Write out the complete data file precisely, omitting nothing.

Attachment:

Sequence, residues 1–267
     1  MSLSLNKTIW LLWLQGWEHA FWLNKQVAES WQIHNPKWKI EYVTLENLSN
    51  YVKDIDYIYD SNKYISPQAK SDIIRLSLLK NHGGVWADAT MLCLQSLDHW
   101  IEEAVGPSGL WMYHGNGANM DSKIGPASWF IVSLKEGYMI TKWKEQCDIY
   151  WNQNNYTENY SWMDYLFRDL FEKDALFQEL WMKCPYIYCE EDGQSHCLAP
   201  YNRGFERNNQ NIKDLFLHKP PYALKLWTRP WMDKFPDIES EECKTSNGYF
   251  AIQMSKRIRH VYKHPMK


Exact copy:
Sequence, residues 1–267
     1  MSLSLNKTIW LLWLQGWEHA FWLNKQVAES WQIHNPKWKI EYVTLENLSN
    51  YVKDIDYIYD SNKYISPQAK SDIIRLSLLK NHGGVWADAT MLCLQSLDHW
   101  IEEAVGPSGL WMYHGNGANM DSKIGPASWF IVSLKEGYMI TKWKEQCDIY
   151  WNQNNYTENY SWMDYLFRDL FEKDALFQEL WMKCPYIYCE EDGQSHCLAP
   201  YNRGFERNNQ NIKDLFLHKP PYALKLWTRP WMDKFPDIES EECKTSNGYF
   251  AIQMSKRIRH VYKHPMK